updated 3/23/2005 6:11:32 PM ET 2005-03-23T23:11:32

At this point in the tax season, small business owners who aren't well along in the process might want to get an extension of the April 15 deadline to file their returns.

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There are good reasons for getting an extra four months to file your return, especially if you're still waiting for some tax documents or if you're in a cash-flow crunch and don't have the money to make your 2004 retirement plan contribution.

Contrary to what some people fear, there's no stigma in getting an extension, and accountants say it's highly unlikely to increase your chances of being audited. Some business owners get extensions as a matter of course.

If you called a tax professional's office at this point in the season, chances are he or she wouldn't start working on your return.

"It's probably a little late," said Joseph P. Maloney, a certified public accountant with Maloney Reed Scarpitti & Co. LLP in Erie, Pa. "We'd try to get an idea of their income to file an extension."

The mechanics of getting an extension are fairly simple. It requires sending IRS Form 4868, Application for Automatic Extension of Time To File U.S. Individual Income Tax Return, to the tax agency. You can send it electronically with your own tax preparation software, or a tax preparer can do it for you. Or, you can send it by regular mail — but be sure it's postmarked by midnight, the end of the day, on April 15. And send it certified with a return receipt, so you have proof that you made the deadline.

You can download a copy of Form 4868 from www.irs.gov.

But remember the accountant's mantra: An extension of time to file is not an extension of time to pay your taxes.

Form 4868 requires taxpayers to estimate the amount of taxes they owe and to send the money in. You can pay using a credit card — phone numbers and Web sites are included on Form 4868 — or send a check with the paper form.

Even if you can't pay right now, you have to send in Form 4868, and you need to make a good-faith estimate of what you owe.

Form 4868 gets you an automatic four-month extension, until Aug. 15. At that point, if you're still not able to file your return, you would need to apply for a further extension, using Form 2688, Application for Additional Extension of Time To File U.S. Individual Income Tax Return. Form 2688 requires taxpayers to explain why they need more time. As the IRS puts it, taxpayers need to "have a good reason why the first four months were not enough."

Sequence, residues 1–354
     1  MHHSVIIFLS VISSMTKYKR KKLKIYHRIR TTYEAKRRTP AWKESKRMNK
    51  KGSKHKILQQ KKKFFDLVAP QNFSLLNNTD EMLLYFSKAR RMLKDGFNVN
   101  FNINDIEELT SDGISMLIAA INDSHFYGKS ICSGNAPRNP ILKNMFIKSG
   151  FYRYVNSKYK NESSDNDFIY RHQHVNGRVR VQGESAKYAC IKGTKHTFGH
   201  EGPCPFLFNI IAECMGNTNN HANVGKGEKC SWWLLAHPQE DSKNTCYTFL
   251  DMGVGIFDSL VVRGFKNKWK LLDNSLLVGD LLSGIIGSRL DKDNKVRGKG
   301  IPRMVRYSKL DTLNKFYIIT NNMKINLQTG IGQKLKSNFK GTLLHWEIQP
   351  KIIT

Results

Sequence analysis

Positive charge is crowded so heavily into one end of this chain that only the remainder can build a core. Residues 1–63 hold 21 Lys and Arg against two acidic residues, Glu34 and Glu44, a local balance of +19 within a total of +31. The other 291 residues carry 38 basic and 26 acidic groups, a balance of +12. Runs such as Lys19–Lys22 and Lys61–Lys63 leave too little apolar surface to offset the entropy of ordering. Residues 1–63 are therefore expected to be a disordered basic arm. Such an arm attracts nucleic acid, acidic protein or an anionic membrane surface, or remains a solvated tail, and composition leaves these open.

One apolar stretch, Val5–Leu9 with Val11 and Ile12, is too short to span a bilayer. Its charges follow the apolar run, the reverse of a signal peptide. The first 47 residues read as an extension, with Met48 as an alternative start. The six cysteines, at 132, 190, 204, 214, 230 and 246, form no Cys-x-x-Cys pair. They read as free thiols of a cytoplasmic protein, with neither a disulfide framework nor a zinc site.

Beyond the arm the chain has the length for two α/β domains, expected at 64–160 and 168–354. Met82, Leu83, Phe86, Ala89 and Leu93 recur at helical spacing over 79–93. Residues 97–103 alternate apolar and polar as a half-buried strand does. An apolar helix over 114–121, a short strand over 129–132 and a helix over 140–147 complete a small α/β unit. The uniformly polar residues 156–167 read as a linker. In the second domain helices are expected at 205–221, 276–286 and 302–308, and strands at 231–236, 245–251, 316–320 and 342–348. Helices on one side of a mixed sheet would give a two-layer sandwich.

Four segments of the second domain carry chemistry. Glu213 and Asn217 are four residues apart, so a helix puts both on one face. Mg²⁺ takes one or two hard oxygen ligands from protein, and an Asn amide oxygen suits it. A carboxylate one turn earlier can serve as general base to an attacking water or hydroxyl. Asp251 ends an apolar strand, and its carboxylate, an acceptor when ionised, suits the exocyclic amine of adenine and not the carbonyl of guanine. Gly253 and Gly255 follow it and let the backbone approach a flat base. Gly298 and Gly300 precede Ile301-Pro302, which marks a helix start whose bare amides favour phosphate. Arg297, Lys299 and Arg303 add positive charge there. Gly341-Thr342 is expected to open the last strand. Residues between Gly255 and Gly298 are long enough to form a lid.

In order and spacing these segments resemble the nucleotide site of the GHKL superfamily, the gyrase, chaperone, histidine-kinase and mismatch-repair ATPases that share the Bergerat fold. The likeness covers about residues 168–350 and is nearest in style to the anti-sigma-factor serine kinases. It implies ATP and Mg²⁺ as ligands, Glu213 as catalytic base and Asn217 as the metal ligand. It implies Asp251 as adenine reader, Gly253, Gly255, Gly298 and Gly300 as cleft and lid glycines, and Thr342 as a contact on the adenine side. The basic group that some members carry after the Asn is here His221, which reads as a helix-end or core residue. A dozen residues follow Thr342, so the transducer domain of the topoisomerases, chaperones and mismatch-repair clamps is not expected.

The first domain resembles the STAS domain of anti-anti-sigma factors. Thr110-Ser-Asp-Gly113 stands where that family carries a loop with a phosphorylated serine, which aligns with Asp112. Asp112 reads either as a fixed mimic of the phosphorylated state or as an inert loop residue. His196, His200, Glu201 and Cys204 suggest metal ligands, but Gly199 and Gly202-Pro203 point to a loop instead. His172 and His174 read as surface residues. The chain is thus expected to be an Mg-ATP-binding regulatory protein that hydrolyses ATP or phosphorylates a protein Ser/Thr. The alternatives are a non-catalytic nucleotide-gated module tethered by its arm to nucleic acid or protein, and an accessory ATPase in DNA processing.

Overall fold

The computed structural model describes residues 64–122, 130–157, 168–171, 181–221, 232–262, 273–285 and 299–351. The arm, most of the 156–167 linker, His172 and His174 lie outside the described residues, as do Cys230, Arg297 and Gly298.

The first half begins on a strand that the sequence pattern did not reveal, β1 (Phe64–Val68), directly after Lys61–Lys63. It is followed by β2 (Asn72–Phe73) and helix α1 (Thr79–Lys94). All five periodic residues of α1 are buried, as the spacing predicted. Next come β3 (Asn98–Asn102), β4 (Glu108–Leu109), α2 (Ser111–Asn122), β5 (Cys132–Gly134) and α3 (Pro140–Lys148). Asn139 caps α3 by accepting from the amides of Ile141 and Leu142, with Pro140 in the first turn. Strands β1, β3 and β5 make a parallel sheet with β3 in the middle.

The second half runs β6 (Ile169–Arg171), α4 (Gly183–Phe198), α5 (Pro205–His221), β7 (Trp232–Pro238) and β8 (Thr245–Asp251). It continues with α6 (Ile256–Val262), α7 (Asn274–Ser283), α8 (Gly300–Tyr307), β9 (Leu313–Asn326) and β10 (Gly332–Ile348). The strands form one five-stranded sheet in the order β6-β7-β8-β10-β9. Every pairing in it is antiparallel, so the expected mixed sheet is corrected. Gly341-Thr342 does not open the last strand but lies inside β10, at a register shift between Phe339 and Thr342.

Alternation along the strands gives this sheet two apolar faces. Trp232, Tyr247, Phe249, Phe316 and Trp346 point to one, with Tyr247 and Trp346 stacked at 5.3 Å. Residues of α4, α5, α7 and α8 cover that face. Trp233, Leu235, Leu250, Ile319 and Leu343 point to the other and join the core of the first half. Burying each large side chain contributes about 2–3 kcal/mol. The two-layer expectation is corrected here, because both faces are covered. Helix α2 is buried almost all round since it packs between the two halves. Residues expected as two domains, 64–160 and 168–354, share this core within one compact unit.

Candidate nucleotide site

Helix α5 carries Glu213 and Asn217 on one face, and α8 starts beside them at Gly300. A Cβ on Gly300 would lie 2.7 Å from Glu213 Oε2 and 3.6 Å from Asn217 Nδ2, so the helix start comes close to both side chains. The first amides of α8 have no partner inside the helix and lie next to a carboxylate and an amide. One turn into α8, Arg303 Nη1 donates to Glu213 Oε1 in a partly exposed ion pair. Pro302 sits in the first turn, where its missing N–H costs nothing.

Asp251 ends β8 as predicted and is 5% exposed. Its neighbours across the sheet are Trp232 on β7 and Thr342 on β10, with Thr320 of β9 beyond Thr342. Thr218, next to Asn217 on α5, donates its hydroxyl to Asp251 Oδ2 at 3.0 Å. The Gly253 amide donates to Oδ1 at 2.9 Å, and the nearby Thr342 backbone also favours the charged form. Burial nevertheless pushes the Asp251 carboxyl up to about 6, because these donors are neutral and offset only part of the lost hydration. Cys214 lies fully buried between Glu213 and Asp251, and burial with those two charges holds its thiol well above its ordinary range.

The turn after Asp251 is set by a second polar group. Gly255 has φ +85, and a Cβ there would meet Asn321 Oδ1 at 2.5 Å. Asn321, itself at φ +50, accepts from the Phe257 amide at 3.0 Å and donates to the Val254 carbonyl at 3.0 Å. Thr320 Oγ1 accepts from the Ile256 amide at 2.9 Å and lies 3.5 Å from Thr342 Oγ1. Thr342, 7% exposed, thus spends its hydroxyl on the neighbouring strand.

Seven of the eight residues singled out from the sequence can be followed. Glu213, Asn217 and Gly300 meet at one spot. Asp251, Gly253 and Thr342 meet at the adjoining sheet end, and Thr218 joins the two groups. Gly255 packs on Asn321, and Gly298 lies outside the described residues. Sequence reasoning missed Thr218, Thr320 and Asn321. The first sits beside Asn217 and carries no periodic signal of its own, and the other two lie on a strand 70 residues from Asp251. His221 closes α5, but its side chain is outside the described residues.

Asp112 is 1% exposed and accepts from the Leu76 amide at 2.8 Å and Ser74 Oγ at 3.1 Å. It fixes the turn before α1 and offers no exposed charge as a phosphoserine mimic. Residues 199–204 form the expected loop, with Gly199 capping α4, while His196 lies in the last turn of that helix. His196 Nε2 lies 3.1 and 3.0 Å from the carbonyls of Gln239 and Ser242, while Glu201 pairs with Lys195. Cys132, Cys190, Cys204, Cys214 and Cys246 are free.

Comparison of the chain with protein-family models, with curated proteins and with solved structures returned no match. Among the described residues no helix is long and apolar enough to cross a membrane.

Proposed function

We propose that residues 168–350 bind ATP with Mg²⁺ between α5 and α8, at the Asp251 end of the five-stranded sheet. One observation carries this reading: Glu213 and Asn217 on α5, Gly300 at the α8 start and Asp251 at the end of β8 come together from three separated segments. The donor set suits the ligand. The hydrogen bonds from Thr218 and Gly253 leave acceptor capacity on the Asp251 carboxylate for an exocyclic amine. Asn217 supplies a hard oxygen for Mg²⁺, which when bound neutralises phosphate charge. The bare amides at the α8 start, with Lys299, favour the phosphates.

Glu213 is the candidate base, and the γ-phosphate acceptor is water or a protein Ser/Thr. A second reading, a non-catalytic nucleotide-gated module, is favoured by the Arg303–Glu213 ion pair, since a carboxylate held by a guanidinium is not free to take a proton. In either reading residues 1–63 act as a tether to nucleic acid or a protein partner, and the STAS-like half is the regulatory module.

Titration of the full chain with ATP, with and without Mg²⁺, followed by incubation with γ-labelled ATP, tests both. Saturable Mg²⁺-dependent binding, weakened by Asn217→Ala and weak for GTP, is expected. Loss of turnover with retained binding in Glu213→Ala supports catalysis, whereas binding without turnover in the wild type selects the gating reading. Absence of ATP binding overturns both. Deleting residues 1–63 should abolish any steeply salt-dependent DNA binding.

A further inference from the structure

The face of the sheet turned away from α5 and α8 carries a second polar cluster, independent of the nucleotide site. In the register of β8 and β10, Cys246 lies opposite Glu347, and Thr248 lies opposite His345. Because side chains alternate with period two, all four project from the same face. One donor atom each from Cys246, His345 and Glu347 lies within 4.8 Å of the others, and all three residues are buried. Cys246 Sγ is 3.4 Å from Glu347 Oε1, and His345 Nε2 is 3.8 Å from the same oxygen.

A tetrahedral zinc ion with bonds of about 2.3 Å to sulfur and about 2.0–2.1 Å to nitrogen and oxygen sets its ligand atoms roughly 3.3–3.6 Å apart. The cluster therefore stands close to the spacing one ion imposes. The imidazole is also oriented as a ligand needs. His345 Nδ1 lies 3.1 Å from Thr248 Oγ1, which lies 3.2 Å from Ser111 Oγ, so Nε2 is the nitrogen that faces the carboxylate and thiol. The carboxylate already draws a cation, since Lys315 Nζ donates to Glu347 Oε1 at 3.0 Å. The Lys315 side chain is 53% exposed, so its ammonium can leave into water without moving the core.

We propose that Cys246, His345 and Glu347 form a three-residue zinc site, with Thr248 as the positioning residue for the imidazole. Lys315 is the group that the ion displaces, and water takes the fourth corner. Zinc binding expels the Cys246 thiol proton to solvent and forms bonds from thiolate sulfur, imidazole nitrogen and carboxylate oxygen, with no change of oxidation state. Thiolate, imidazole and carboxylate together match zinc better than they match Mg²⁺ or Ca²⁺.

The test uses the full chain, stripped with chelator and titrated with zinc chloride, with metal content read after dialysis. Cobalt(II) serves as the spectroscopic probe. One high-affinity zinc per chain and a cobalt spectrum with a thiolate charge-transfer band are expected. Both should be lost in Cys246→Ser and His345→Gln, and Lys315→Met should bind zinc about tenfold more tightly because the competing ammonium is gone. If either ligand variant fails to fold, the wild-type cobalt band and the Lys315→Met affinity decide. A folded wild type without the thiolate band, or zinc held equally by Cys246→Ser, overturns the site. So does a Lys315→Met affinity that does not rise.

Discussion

Audit worries
Taking longer to do your taxes is really unlikely to raise suspicion at the IRS or put you in line for an audit. Look at it this way: The agency doesn't have the staff to start auditing everyone who gets an extension.

Maloney said you're more likely to trigger an audit "if you have unusual deductions for your level of business, or high number of itemized deductions compared to your income."

Many small business owners use an extension as a cash flow management tool, because it gives them more time to make their prior-year retirement fund contributions. For retirement plans like SEPs, or Simplified Employee Pensions, the contribution doesn't have to be made until the due date of the return, including extensions.

Maloney said an extension also gives a small business owner time to do a more careful job of compiling a return.

"They can look at their expenses a little more closely. ... Now they're moving quickly and don't have time to sit down and discuss the situation thoroughly" with a professional, he said.

Another reason why a small business might need an extension is because needed tax documents aren't ready in time. For example, a business that has income from a partnership can't compile a return until the partnership's Schedule K-1 is completed, and K-1s are known for being late.

One caveat about extensions is that they can be symptomatic of a chaotic business with disorganized finances. In that case, go ahead and get the extension, but also start getting your books in better shape.

Maloney noted that some procrastinators don't work on their taxes in the months between April 15 and August 15, and then find themselves in the same bind as the next deadline approaches.

"That doesn't help at all," he said.

© 2013 The Associated Press. All rights reserved. This material may not be published, broadcast, rewritten or redistributed.


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